Interview with cellist Marin Cazacu – soloist of the Romanian Radio Chamber Orchestra
The Radio concert season will continue tomorrow, the 18th of December, with a symphonic concert, which will bring together the works of Constantin Silvestri, Antonio Vivaldi, Georg Friedrich Händel, and Ludwig van Beethoven.
The 2019-2020 Season of the Romanian Radio Chamber Orchestra has a symphonic concert scheduled for tomorrow, the 18th of December, which will have Marin Cazacu and Răzvan Suma as soloists. The rostrum will be taken by FerencGábor - a Transylvanian conductor.
The details concerning the event unfoldment were offered us by cellist Marin Cazacu.
Wednesday, on the 18th of December, you will be the soloist of the two concertos by Antonio Vivaldi and Georg Friedrich Händel, for two cellos and orchestra. How would you describe these works, relating them to a stylistically mixed programme, completed by the Three Pieces for Strings by Constantin Silvestri, and Symphony No. 1 by Ludwig van Beethoven?
The two works match perfectly with the rest, because both Vivaldi and Händel are renowned composers, probably, the most renowned composers from the baroque period, alongside Johann Sebastian Bach. Vivaldi's Concerto for Two Cellos is an original work, which had been designated for two cellos, and orchestra, and the second work is an arrangement from a concerto grosso, with two solo violin obbligatos. And so, it was transcribed in a version for two cellos, by our colleague, Bogdan Vodă. It will a pleasant revelation for the Bucharest public to discover such wonderful music, in which the two cellos will be mutually trilling and interchanging their feelings and poetry.
What could you tell us about the collaboration with FerencGábor, the conductor of the Romanian Radio Chamber Orchestra, and also about Răzvan Suma, the one you'll be playing alongside, tomorrow?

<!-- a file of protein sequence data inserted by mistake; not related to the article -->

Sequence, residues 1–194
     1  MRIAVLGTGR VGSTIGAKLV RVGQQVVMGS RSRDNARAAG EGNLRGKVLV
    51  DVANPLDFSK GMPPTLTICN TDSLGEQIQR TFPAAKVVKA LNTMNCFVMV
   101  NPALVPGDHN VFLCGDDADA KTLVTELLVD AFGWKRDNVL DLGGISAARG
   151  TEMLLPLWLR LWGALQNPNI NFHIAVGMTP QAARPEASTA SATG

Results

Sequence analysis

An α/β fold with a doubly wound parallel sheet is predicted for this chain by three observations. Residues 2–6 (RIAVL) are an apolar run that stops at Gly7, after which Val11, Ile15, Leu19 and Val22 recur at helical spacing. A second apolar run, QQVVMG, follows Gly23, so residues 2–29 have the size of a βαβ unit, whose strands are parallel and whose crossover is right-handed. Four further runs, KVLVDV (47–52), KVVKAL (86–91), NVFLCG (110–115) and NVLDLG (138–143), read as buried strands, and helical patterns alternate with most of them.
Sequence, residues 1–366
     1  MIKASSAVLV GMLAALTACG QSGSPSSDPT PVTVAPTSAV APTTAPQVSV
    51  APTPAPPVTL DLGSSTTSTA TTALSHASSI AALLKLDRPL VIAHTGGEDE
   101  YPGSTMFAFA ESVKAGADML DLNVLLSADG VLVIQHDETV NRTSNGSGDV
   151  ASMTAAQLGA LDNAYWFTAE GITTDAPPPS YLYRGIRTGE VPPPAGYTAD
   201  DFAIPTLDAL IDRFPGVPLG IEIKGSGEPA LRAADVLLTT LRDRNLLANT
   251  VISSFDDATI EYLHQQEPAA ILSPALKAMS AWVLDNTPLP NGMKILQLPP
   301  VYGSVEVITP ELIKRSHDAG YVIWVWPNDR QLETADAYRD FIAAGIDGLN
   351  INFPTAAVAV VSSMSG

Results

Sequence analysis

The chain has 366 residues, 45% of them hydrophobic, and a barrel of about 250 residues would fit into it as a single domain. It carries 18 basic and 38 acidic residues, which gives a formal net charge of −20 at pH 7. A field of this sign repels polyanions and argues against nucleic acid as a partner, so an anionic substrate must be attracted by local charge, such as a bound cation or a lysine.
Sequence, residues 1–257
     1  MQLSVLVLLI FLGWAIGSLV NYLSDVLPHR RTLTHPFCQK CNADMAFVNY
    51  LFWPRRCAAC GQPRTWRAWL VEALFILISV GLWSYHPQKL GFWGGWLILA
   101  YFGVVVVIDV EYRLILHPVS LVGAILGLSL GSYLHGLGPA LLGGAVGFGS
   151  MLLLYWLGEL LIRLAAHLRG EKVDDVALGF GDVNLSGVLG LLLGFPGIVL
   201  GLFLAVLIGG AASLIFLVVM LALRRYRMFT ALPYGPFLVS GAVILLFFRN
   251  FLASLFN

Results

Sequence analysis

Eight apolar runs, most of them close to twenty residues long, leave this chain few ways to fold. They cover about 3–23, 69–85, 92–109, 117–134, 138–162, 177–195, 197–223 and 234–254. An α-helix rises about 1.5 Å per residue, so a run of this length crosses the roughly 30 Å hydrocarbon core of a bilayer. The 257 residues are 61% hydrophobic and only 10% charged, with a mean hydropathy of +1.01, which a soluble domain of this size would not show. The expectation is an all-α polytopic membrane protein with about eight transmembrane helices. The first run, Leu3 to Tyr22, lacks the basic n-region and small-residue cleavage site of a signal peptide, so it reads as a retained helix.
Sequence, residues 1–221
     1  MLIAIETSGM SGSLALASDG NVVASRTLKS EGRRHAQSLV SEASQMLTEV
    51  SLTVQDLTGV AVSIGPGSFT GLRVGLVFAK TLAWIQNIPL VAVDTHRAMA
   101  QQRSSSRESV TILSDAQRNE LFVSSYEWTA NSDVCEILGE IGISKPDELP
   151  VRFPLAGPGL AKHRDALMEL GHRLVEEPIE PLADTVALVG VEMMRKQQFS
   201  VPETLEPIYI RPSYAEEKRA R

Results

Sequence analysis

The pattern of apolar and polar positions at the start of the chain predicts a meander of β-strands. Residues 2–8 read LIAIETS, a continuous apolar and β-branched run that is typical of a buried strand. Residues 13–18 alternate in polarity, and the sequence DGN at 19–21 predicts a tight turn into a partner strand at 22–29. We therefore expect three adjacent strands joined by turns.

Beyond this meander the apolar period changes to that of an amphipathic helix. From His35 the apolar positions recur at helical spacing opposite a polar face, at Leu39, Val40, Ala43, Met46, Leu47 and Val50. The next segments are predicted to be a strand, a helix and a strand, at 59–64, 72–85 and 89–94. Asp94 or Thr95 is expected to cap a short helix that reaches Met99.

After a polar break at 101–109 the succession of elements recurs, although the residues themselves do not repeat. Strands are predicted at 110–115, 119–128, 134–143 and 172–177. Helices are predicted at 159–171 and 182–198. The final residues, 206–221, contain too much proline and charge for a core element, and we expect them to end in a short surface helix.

Since I know Răzvan Suma very well - he also being my student from 20 years ago, and who is a notable name throughout Romania, and the soloist of Radio orchestras - we have an exceptional understanding. It has always been like this. Having this occasion to meet Ferenc Gábor is an amazing discovery because he's a talented conductor, with an extraordinary cultural openness, and outstanding education. Even though he was born in Transylvania, where he'd studied in Cluj in the lyceum period, he then continued his studies in Tel Aviv and Berlin. He's spent the last few years in Berlin, a capital city with marvelous cultural resonance. What he's offering to both the orchestra and us, the soloists, is exclusive.
What other projects will follow in the 2019-2020 Season, and what are you planning for the Violoncellissimo ensemble, which you're coordinating?
My own career, both as orchestras' soloist and chamber music interpreter, continues, as much as possible, with such concerts. The things regarding the Violoncellissimo ensemble are, indeed, going very well, mostly because it's an ensemble that conquers and convinces. Just after the New Year's celebration, we're heading to a festival in Istanbul. There are concerts which will follow in a short while, both in Bucharest and abroad. So, as you can see, it's a very intense activity, which will not let me leave my cello for a second.
Translated by Cotar Alexandr, Universitatea București,
Facultatea de Limbi și Literaturi Străine, MTTLC, anul I